The creative process is the process whereby we find life and meaning and purpose. It is the process whereby an idea is born, grows, develops, gets squashed, gets repaired, changed, or reinvented, and then somewhere along the way comes to fruition through a progression of thoughts, feelings, and actions, and then ultimately it is something we let go of. We share it with others. Sometimes this process is quite personal, but most of the time it requires relationship and collaboration with others.
The creative process is inherently part of experiential therapy and learning. The art of walking alongside people on their healing journey while holding space, holding the frame, gently guiding, supporting, and co-creating. I am definitely an artist, and I get to work with all of you – fellow artists, each of us refining our craft every day.
There are at least 5 key stages of the creative process:
- Preparation, Inspiration, or Brainstorming;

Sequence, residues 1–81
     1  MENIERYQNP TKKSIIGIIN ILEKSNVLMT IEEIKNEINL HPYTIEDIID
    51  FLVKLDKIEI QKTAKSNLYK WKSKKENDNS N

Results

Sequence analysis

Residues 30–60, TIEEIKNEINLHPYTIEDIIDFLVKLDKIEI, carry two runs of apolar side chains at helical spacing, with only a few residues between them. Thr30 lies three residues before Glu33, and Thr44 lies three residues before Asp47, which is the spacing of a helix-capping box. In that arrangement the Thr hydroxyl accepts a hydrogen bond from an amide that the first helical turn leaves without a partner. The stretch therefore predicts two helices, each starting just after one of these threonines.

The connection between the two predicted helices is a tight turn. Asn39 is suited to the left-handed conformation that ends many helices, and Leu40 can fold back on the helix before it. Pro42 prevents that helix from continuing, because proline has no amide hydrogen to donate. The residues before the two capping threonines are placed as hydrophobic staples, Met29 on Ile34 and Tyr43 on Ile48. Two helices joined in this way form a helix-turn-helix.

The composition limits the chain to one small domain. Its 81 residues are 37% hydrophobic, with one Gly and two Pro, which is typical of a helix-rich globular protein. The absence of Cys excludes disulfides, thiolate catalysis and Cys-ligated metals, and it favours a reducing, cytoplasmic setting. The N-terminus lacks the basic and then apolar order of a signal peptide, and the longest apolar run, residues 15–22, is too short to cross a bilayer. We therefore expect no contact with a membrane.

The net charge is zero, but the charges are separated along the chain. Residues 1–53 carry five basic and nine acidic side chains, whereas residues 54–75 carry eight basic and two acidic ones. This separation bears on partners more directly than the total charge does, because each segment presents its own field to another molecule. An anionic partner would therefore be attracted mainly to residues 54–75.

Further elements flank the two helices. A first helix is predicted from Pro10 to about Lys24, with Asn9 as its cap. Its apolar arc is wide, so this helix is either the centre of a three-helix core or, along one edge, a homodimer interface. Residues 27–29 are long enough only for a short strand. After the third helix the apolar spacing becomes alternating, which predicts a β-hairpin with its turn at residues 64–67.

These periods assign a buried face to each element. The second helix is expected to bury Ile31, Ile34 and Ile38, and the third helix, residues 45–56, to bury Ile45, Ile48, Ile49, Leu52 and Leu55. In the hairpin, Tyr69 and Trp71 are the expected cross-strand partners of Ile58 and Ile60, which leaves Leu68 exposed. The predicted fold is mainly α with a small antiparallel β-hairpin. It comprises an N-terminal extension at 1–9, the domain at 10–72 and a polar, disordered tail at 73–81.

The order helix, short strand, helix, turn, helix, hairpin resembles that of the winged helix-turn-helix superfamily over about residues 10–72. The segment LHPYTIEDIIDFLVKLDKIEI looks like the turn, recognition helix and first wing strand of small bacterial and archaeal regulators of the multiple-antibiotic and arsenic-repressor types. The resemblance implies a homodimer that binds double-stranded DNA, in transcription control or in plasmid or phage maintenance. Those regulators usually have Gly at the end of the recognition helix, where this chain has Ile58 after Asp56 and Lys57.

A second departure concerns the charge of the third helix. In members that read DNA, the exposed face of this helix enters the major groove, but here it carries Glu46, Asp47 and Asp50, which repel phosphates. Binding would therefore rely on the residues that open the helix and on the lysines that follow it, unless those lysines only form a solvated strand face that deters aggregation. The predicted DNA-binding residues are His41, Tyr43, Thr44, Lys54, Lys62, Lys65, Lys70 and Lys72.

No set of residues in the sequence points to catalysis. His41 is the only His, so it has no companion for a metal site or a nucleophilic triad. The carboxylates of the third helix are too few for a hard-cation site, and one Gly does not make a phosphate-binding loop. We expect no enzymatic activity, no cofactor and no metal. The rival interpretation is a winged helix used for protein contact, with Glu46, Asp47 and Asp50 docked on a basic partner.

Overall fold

- Incubation, absorbing, or processing;
- Illumination – the “AHA moment” where it all comes together;
- Evaluation – deciding if it is worth doing;
- Elaboration – bringing your idea to life; and
- A step I added – share it, release it, let it go.
The depth to which I love this process is matched by the depth to which I hate it. Truly. I get to create a lot through Natural Lifemanship – webinars, websites, blogs, programs, etc. BUT, my absolutely favorite creative endeavor is the NL Conferences. It’s also the thing I hate the most, truth be told. I think this community probably doesn’t need me to expand on this much, but the creative process can be just gut-wrenching at times. Those of us with a drive and passion to make a difference in the world, know all about the blood, sweat, and tears that go into our work. The labor of birthing anything is, at times, painful – pain beyond what we ever thought possible. Of course, the elation, connection, and love deeper than you ever imagined is what makes it all worth it.